What TV's “Secret Princes” Can Teach Your HR Program

A new employee is a stranger in a strange land. Like the undercover royals on TLC’s hit show “Secret Princes,” new hires have to adjust to new expectations, new relationships and a new culture in order to succeed. It’s not always easy, but a supportive HR program can help ease the transition. Here’s what your company’s HR program can learn from the struggles of TLC's secret princes, and what you can do to help your new hires adapt and prosper.

Shifting Status

“Secret Princes” follows four royals who leave their lavish palaces behind and fly to Atlanta, Georgia in the hopes of finding love. Once there, the princes are shocked by their less-than-luxurious accommodations. Prince Salauddin Babi of India quickly lays claim to what is clearly a shared bathroom, and a power struggle ensues. The princes also take great efforts to assert their titles as they jostle for position at the top of the royal totem pole.

To those of us who lack a royal guard or a family crest, these scenes seem petty and ridiculous. But it's not so different from what happens each time a company's employee selection process introduces a new team member to the office. New employees want to know where they stand, what role they’ll play and ultimately how much power they’ll wield among their coworkers. This curiosity is natural. Rather than denying it, an HR program can help new hires by introducing them to their colleagues and their superiors. Defining exactly what every team member does – including who they supervise and who they report to – can help new employees better understand the workplace dynamic, as well as how they'll fit into it.

Finding Support

When asked about his experience on the show, Prince Salauddin Babi of India told ABC News, “I have close to 50 servants here in the Garden Palace. I need anything, there's always a staffer, so I would get up in the morning, back home, I get my glass of milk first thing, or tea. Here, that doesn't come. You have to fend for yourself.”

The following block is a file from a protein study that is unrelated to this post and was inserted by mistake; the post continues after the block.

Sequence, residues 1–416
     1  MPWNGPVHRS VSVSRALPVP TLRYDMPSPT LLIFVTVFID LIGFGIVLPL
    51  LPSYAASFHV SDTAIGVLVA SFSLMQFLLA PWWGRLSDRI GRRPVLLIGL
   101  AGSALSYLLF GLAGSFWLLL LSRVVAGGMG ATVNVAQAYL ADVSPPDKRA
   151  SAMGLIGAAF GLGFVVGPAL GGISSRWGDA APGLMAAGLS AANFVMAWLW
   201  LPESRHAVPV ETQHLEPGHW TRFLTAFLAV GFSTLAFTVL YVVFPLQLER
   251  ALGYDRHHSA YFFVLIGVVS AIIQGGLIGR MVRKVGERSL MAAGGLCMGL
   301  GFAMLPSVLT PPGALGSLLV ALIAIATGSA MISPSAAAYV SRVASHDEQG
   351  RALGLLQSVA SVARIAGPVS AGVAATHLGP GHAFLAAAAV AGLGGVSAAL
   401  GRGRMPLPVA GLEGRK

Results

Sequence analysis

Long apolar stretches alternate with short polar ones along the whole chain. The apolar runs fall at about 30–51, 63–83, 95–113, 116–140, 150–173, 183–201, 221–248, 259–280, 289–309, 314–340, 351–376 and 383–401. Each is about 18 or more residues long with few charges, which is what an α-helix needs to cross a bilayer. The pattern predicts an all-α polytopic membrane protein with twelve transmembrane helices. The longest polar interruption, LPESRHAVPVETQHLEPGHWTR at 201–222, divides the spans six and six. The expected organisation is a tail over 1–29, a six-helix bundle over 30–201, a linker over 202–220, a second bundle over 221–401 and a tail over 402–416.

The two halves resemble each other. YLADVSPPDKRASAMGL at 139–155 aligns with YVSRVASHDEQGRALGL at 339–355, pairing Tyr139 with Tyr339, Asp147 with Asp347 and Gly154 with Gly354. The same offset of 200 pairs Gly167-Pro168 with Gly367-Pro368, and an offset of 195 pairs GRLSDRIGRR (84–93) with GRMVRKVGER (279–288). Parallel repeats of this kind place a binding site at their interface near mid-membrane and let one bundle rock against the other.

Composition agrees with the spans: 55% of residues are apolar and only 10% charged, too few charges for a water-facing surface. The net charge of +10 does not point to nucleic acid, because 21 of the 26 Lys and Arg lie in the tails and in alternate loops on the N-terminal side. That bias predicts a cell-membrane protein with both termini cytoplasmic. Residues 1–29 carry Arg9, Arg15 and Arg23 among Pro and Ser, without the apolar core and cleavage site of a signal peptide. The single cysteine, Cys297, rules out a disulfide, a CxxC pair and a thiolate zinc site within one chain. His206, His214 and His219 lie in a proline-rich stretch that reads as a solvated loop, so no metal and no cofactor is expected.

Unless your company is in the practice of recruiting aristocrats, you're not going to have to worry about the tea service. But you will need to form a support system for each new employee.

We all create support systems in our workplaces. Our supporters give us feedback on our work, help us prepare for big meetings or even help us make hiring decisions. The bottom line is that a working support system is good for business, and every HR program should strive to provide new hires with this necessary resource. New employees should have a network of people to turn to, especially when it comes to difficult situations like workplace conflicts or even harassment and abuse. When employees have the feeling that they can rely on a team of people who care about their well-being, they’ll be much happier and more productive.

Adapting Styles

As the undercover princes mingle with the women of Atlanta in the hopes of finding their future princesses, it becomes clear that the charming Lord Robert Walters of England and the dapper Prince Francisco Joaquin de Borbon von Hardenberg of Spain have little trouble meeting and mesmerizing the ladies. Prince Salauddin, however, doesn’t exactly hit the ground running.

After a heart-to-heart with Lord Robert, Salauddin realizes why: it’s because these men are in their element, while he’s far removed from his. For someone from a culture where even public hand holding is a no-no, a booze-soaked nightclub is probably not the best place to go looking for “the one.” So Salauddin decides to enlist the help of a professional matchmaker. It accomplishes the same goal, but in a way that works for him.

Your company isn't recruiting royals from the other side of the world, true, but every worker you hire comes from a unique business culture. The more you learn about your new employee's background, the easier it will be for you to help her set and reach her goals. A new hire might need to do things in a slightly different way than the rest of your employees, at least for a little while. And most of the time, that should be okay.

In a perfect world, all princes would be charming. They’d slay dragons, and their shiny, gorgeous hair would have otherworldly volume. But as you watch the secret princes struggle to adapt to life in Atlanta, to try in vain to impress the ladies with their disturbing dance moves and to do their best to hold down their minimum-wage jobs, one thing becomes clear: princes are human, just like the rest of us. They've got their strengths and their challenges, and the same goes for your employees. So make sure your HR program treats each new hire like the unique person he is. Listen to him and support him, and who knows? One day he might just rule the kingdom.